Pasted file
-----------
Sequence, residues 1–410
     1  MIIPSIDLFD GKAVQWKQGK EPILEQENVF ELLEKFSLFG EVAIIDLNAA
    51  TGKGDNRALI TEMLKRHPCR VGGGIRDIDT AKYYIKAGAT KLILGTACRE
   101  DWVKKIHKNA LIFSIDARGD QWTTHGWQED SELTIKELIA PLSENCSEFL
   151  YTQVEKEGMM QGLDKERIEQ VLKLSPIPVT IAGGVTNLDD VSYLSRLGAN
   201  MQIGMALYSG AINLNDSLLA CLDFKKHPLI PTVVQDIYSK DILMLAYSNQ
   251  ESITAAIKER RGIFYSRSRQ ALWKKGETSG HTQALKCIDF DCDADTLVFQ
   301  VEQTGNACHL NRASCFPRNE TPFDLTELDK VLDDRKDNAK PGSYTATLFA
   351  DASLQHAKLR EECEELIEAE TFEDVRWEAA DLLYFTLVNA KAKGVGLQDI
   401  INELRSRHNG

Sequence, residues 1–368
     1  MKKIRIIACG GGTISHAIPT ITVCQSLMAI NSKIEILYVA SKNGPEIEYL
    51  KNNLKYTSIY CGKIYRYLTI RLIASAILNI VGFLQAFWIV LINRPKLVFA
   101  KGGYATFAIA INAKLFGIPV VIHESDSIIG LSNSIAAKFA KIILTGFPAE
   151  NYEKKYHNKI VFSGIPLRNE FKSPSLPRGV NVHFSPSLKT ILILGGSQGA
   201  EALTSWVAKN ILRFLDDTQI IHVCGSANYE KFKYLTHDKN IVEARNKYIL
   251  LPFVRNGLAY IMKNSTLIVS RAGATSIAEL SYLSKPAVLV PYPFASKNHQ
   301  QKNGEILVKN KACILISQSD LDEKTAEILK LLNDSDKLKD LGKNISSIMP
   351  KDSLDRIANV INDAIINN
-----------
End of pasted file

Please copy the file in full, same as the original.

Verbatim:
Sequence, residues 1–410
     1  MIIPSIDLFD GKAVQWKQGK EPILEQENVF ELLEKFSLFG EVAIIDLNAA
    51  TGKGDNRALI TEMLKRHPCR VGGGIRDIDT AKYYIKAGAT KLILGTACRE
   101  DWVKKIHKNA LIFSIDARGD QWTTHGWQED SELTIKELIA PLSENCSEFL
   151  YTQVEKEGMM QGLDKERIEQ VLKLSPIPVT IAGGVTNLDD VSYLSRLGAN
   201  MQIGMALYSG AINLNDSLLA CLDFKKHPLI PTVVQDIYSK DILMLAYSNQ
   251  ESITAAIKER RGIFYSRSRQ ALWKKGETSG HTQALKCIDF DCDADTLVFQ
   301  VEQTGNACHL NRASCFPRNE TPFDLTELDK VLDDRKDNAK PGSYTATLFA
   351  DASLQHAKLR EECEELIEAE TFEDVRWEAA DLLYFTLVNA KAKGVGLQDI
   401  INELRSRHNG

Sequence, residues 1–368
     1  MKKIRIIACG GGTISHAIPT ITVCQSLMAI NSKIEILYVA SKNGPEIEYL
    51  KNNLKYTSIY CGKIYRYLTI RLIASAILNI VGFLQAFWIV LINRPKLVFA
   101  KGGYATFAIA INAKLFGIPV VIHESDSIIG LSNSIAAKFA KIILTGFPAE
   151  NYEKKYHNKI VFSGIPLRNE FKSPSLPRGV NVHFSPSLKT ILILGGSQGA
   201  EALTSWVAKN ILRFLDDTQI IHVCGSANYE KFKYLTHDKN IVEARNKYIL
   251  LPFVRNGLAY IMKNSTLIVS RAGATSIAEL SYLSKPAVLV PYPFASKNHQ
   301  QKNGEILVKN KACILISQSD LDEKTAEILK LLNDSDKLKD LGKNISSIMP
   351  KDSLDRIANV INDAIINN